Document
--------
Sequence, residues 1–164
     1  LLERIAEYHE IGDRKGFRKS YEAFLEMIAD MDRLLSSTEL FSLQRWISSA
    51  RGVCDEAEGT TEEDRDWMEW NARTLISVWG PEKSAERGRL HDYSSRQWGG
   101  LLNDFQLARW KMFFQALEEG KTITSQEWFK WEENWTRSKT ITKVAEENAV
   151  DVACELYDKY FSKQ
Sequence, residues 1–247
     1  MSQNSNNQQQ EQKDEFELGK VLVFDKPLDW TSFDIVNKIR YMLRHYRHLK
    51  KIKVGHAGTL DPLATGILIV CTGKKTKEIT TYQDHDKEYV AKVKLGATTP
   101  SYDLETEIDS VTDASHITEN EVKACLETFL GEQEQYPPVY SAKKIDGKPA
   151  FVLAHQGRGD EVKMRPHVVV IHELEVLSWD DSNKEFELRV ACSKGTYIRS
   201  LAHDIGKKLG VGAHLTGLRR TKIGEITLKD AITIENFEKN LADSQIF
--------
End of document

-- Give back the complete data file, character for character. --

Sequence, residues 1–164
     1  LLERIAEYHE IGDRKGFRKS YEAFLEMIAD MDRLLSSTEL FSLQRWISSA
    51  RGVCDEAEGT TEEDRDWMEW NARTLISVWG PEKSAERGRL HDYSSRQWGG
   101  LLNDFQLARW KMFFQALEEG KTITSQEWFK WEENWTRSKT ITKVAEENAV
   151  DVACELYDKY FSKQ
Sequence, residues 1–247
     1  MSQNSNNQQQ EQKDEFELGK VLVFDKPLDW TSFDIVNKIR YMLRHYRHLK
    51  KIKVGHAGTL DPLATGILIV CTGKKTKEIT TYQDHDKEYV AKVKLGATTP
   101  SYDLETEIDS VTDASHITEN EVKACLETFL GEQEQYPPVY SAKKIDGKPA
   151  FVLAHQGRGD EVKMRPHVVV IHELEVLSWD DSNKEFELRV ACSKGTYIRS
   201  LAHDIGKKLG VGAHLTGLRR TKIGEITLKD AITIENFEKN LADSQIF